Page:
Whistleblowing: the cost of blurring the lines between knowing and doing

Home Articles ADVICE & GUIDANCE Whistleblowing: the cost of blurring the lines between knowing and doing

David Owen, former head of the national insurance policy at The Treasury, was awarded £142,000 after the Treasury declined to reemploy him, refusing to carry out a previous tribunal’s ruling that he should be found another job.

Mr Owen was dismissed after making public his concerns that staff were attempting to suffocate a proposal by Treasury minister, David Gauke, claiming that colleagues were deliberately placing excessive emphasis on the risks associated with the policy, which eventually caused it to be dropped.

The tribunal had stated that David Owen’s dismissal was ‘seriously flawed in a number of important respects’ and ordered that Mr Owen be reengaged at the Treasury. Unbeknownst to those outside of their Treasury, the tribunal order was ignored and the reasons why were never made clear.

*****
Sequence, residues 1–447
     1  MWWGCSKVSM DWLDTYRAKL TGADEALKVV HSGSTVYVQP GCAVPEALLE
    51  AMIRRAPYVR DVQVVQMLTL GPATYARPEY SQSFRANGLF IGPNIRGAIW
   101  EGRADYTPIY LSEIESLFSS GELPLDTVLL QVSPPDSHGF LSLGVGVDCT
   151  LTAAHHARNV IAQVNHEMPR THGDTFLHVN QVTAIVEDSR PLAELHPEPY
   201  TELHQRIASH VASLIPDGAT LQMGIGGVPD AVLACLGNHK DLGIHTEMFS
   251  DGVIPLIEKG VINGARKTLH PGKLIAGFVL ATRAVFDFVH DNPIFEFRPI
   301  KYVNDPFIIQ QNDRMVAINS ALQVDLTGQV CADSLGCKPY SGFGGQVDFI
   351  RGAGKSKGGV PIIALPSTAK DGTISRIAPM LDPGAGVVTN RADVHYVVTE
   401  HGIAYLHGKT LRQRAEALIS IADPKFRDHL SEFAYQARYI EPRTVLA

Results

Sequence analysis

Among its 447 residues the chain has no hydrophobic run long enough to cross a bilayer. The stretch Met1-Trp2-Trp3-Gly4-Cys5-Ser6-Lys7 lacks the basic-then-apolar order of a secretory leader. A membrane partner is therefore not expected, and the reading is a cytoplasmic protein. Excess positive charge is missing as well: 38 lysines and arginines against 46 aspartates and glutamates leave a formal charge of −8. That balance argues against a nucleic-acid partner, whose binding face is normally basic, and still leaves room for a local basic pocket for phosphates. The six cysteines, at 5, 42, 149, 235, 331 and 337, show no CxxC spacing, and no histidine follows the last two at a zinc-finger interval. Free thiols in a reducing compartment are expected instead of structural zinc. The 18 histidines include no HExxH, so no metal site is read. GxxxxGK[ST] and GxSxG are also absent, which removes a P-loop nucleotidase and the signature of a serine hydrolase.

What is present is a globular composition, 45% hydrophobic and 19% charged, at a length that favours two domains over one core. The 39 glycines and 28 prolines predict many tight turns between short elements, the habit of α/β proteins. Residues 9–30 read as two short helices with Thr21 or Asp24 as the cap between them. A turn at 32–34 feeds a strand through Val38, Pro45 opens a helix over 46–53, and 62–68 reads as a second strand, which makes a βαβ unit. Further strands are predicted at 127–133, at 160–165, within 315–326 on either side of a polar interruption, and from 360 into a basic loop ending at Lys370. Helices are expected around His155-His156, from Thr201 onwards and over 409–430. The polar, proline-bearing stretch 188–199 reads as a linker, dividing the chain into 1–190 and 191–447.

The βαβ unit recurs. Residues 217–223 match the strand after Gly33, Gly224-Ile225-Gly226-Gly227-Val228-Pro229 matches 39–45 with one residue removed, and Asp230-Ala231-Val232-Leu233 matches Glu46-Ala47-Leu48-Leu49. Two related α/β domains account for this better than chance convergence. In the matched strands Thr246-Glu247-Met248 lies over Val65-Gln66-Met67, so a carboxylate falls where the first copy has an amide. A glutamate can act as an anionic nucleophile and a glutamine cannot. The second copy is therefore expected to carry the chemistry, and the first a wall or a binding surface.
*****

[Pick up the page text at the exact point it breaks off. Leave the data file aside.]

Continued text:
This ruling is important for the following reasons:

  • It has highlighted the potential scale of penalties facing organisations who don’t comply with the protected disclosure (whistleblowing) regulation. The Treasury were ordered to pay close to a 100% increase on the previous cap of £76,574.
  • It has exposed the contradictions within the government, between advocating whistleblower protection in the Enterprise and Regulatory Reform Act 2013 and yet failing to deliver this endorsement in practice. Rather than support a whistleblower, they chose to victimise an employee who spoke out against unfair practice.
  • The government’s error, followed by a stubborn refusal to acknowledge a string of mistakes, has ended up costing the taxpayer a rumoured £500,000 in defence costs, on top of the £142,000 compensation package awarded to Mr Owen. It’s clear failing of policy and principle, compounded by huge financial loss.

When it comes to employment law, it is not enough just to agree with the law, but an organisation must also practice the law. The latter is more difficult, and can require learning and application, but the costs of change are often better than penalties associated with no change.


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